Longford Leader columnist Mattie Fox: We need to be more
respectful to grieving families

Mattie Fox


Mattie Fox



Mattie Fox

We need to be more respectful to grieving families, argues Leader columnist Mattie Fox

Funerals are a part of all our lives.

Many people attend funerals, giving a great sense of support and peace to the grieving family. It’s a nice thing, and it would be a pity if the habitual ritual ever died out.

However, I recently attended a number of funerals, as is usual at Christmas, and as usual, the priest or minister now asks for everyone to cooperate with the ushers.

Ushers are a relatively new development, and a badly needed one.

The ushers put some order on what used to be a chaotic circumstance where everyone rushed and crushed forward to surround the grieving family as quickly as possible.

One would have thought that a funeral, of all places, would serve to remind people of how short a time we spend on this earth, and to show some respect towards others.

But no, some people are incredibly unthinking, and rush forward at the first opportunity. Obviously they don’t think twice about it, but they should.

This usually happens as the ushers are starting to do their duty.

However, another aspect of funeral habits, is the untimely and rather horrible practice of racing up to sympathise before the mass even starts.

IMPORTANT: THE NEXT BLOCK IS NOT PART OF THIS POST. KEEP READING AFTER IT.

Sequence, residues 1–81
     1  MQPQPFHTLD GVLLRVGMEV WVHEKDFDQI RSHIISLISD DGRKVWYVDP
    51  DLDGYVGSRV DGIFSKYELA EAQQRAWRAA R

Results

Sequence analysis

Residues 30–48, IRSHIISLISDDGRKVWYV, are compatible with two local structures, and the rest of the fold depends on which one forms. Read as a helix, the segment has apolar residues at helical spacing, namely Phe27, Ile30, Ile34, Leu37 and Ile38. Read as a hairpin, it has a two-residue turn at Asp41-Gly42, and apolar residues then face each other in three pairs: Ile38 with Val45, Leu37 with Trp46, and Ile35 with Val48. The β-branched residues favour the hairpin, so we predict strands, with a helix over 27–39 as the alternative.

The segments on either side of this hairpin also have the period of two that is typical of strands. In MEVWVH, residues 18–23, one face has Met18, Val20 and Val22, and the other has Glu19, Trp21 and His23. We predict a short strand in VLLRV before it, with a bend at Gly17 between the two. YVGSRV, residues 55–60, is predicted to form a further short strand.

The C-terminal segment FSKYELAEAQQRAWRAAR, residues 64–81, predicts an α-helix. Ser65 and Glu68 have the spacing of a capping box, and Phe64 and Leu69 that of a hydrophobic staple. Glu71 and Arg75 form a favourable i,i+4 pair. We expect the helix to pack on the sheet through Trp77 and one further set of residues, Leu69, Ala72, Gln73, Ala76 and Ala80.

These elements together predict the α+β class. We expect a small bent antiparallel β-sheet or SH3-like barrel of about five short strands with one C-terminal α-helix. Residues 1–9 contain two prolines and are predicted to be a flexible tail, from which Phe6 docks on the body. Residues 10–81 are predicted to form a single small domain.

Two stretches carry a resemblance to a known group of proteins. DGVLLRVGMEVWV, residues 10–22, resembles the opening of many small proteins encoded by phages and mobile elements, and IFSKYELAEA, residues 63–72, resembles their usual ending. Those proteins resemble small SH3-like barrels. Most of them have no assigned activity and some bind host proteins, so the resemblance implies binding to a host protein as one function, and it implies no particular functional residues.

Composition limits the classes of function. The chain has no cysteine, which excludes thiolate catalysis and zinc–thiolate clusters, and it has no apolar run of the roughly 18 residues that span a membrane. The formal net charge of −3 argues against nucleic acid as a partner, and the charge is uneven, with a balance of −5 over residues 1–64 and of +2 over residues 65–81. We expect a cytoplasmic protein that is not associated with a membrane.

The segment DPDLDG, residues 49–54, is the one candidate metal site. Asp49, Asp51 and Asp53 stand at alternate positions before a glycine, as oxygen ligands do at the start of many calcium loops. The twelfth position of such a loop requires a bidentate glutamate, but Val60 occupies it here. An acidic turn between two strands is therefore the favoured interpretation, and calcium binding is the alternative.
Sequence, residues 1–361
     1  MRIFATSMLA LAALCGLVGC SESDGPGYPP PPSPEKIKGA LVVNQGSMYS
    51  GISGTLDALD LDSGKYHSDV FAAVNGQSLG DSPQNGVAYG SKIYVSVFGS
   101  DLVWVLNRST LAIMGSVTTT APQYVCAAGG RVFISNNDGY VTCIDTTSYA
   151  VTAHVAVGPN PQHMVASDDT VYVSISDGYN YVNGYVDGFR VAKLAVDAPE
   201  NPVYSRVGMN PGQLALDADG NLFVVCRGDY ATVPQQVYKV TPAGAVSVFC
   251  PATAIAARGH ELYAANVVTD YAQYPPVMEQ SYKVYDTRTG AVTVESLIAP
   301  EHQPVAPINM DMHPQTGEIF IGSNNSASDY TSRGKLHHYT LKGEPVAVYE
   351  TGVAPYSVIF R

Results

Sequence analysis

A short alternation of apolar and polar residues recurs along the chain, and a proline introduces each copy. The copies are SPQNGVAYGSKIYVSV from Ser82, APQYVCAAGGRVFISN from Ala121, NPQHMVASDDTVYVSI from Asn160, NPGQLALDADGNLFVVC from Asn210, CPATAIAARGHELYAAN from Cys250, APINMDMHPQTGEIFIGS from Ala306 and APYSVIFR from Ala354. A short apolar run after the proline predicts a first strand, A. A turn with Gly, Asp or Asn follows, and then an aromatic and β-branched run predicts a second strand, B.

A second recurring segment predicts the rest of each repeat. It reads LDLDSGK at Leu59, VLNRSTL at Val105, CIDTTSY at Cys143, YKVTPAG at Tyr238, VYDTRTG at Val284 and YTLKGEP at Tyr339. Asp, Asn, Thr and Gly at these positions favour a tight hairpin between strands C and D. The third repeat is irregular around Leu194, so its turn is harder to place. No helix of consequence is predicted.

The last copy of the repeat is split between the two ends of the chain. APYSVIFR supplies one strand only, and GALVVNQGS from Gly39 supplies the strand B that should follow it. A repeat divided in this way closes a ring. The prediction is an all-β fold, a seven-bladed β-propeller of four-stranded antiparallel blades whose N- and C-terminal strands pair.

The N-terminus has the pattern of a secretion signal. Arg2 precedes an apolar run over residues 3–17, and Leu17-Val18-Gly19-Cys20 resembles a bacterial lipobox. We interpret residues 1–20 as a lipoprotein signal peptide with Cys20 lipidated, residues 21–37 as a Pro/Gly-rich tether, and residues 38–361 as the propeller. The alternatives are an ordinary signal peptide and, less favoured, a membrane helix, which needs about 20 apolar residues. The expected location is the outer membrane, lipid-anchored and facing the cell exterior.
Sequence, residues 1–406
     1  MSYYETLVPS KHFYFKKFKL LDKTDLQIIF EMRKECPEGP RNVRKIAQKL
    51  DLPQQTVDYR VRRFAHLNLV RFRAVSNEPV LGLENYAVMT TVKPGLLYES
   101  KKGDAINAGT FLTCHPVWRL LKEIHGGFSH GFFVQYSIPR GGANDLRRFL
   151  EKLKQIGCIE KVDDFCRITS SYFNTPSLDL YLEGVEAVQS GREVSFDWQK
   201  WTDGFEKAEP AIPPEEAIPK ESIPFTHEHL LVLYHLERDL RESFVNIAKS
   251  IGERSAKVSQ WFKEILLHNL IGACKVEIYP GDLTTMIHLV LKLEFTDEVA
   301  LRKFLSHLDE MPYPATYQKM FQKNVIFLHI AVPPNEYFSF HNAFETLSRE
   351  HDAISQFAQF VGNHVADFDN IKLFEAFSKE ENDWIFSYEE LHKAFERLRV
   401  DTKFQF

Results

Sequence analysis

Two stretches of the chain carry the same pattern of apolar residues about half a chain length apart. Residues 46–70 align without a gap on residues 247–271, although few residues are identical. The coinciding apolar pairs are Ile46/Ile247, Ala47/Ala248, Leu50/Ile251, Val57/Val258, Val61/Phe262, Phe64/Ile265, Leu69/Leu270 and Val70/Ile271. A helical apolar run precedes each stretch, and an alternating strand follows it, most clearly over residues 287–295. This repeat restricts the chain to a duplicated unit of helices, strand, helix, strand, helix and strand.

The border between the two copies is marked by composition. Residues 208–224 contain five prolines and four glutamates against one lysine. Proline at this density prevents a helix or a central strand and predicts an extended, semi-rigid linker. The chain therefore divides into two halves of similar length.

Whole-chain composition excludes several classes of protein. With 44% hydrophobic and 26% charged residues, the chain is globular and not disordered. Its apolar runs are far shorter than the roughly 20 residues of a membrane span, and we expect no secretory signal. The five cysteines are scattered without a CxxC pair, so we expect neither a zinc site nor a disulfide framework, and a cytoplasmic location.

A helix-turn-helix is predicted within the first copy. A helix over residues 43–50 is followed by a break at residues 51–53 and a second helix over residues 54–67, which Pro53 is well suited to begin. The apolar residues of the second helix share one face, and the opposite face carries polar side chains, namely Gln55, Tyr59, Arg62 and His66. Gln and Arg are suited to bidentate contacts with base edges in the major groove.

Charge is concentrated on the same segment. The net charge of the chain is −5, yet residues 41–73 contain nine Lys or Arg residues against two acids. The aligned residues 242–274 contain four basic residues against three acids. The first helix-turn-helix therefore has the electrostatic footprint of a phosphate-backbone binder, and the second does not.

This takes place while the grieving family are trying to have some time to themselves, and time to reflect on the final stages of a loved one's time in their company, on this earth.

It’s really quite disgusting to find every few minutes another hurried sympathiser arriving to “get the condolences out of the way” so they can leave early.

I recall often the day of my own father’s funeral.

I had to find somewhere to hide, literally, as I wasn’t able to deal with the usual suspects coming from all sides, as though they hadn’t time to stay any longer.

Which was fine but not an excuse for inappropriate behaviour.

It would have been much more respectful if those people didn’t come at all. They could always tender their condolences at another time, when all was over. It seemed that nobody ever gave a thought to how we the family, were feeling, on that awful day of days.

None of us wanted to have any distraction at all, and wanted to savour these last few minutes, before the Mass.

I couldn’t care less, at the time, whether or not these people were present or not.

Nobody thinks. Well of course, some do think.

But only of themselves.

It’s time more gave a little thought to the feelings of relatives.